Do not let it happen – take an organizer with you. It can be a notebook, but a digital calendar is better as you can put reminders in. Put deadlines as soon as the professor gives assignments for the semester. Set reminders two weeks prior to the deadline to start early.
Schedule your time for studies, social life, and doing something fun. Learn how to create effective and realistic to-do lists and how to set priorities.
Go to Orientations
Yes, you need another campus tour. Orientation events and activities have several benefits, such as:
- You’ll learn your way around campus, which reduces risks of missing classes or running late;
- You can ask any questions you have about campus and get answers;
- It is easier to get adjusted to a new environment;
- You can meet new people and make connections there.
There are no downsides to it. Even if you are on the more introverted side, try to get out of your comfort zone and make friends.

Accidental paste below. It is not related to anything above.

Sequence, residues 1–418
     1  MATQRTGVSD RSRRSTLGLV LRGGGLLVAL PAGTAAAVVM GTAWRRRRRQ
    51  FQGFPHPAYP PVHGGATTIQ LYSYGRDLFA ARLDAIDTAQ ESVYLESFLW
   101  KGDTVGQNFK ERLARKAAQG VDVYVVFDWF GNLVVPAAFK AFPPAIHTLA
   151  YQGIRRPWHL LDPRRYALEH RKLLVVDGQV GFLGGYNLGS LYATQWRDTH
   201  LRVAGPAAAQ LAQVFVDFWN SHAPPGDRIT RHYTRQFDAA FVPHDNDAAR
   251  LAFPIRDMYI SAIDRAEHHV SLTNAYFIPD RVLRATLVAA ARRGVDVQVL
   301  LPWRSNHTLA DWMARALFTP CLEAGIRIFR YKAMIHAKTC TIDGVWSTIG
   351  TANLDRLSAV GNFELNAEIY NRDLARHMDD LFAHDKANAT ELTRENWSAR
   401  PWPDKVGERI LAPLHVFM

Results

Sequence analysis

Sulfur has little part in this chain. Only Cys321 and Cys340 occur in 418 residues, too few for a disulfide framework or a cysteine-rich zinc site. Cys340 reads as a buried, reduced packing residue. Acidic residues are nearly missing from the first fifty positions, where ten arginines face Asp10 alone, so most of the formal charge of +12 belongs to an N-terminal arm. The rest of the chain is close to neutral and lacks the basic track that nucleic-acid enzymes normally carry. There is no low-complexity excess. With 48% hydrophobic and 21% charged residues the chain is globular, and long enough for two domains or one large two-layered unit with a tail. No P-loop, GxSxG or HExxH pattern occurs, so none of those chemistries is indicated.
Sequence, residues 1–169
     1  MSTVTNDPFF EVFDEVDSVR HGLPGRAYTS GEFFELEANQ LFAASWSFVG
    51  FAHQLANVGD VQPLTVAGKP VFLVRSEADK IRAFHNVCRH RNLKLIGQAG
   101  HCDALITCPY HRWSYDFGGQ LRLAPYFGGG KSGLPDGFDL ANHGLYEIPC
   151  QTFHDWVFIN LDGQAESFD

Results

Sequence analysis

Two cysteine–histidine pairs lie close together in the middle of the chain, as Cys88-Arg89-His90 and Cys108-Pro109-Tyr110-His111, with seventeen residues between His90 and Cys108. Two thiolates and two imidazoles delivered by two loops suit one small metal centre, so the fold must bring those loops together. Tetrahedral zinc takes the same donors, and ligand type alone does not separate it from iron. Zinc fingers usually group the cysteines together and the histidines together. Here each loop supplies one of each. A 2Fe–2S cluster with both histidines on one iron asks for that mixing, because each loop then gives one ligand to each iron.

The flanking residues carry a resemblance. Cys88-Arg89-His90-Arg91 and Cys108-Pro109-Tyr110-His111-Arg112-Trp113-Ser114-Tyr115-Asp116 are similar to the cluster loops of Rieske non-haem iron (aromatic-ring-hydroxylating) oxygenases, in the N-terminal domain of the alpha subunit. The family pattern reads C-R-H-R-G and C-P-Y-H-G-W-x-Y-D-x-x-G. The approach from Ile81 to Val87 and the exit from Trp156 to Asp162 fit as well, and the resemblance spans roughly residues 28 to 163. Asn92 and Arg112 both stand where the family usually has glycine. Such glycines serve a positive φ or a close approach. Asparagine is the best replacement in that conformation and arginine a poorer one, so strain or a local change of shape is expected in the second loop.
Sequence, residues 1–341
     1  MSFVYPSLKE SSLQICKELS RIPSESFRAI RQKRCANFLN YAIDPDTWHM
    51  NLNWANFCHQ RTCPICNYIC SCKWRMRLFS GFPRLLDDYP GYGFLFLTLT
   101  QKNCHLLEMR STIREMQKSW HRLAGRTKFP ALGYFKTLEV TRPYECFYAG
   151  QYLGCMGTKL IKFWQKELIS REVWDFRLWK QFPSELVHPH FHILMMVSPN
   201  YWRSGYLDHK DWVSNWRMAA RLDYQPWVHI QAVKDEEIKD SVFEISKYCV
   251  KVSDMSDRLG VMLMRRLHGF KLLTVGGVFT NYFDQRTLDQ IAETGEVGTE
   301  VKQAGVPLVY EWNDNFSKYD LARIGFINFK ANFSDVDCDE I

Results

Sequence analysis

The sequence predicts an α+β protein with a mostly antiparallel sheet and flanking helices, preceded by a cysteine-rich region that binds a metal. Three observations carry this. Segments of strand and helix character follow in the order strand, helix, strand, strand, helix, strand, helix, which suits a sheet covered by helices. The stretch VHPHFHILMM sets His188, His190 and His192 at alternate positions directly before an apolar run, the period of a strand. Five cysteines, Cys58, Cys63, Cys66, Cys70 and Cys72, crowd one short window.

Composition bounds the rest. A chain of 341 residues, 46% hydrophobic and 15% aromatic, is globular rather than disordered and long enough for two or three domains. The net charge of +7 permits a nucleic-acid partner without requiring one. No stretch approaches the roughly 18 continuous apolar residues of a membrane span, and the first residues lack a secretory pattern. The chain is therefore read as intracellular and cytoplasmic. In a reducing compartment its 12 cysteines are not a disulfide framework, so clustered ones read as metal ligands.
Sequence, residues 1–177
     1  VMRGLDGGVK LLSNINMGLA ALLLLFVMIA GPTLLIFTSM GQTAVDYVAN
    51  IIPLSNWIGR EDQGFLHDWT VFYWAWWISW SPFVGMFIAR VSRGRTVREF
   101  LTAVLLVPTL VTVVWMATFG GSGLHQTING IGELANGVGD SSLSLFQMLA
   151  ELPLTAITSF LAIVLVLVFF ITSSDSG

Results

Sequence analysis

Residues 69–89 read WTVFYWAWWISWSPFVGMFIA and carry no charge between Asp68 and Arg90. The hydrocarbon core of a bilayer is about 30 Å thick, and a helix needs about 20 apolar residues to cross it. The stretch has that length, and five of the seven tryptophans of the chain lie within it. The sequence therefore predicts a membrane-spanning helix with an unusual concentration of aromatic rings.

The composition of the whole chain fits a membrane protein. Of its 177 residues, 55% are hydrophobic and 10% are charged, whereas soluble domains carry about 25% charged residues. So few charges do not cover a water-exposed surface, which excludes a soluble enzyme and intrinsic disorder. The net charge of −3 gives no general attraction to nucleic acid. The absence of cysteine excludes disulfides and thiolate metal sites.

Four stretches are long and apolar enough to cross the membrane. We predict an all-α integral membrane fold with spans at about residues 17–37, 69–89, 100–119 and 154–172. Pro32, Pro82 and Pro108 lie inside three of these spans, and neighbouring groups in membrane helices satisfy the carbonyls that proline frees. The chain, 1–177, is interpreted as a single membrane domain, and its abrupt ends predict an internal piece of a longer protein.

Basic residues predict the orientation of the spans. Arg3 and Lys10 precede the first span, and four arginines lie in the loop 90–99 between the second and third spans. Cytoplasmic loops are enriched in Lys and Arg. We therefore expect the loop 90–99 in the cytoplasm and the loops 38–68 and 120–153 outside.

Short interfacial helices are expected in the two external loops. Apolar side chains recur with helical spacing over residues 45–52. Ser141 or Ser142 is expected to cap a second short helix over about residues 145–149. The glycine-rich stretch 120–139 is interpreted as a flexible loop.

Prepare Your Tech
Laptops and smartphones are essentials in the modern world. You’ll need them to do everything, so it is important to make sure they are secure and efficient. Here is what you can do:
- Always have a power bank with you in case the battery is low;
- Protect laptop from malware with antivirus;
- Do not use public Wi-Fi without VPN service;
- Regularly update software;
- Stay away from sketchy sites.
Whether you are going to start an online student business or just use the laptop for study and rest, it has to be protected together with your sensitive data.
Living on your own for the first time is fun but comes with lots of responsibilities. One of them is dealing with finances on your own. One needs to be reasonable with them and track income and disbursements.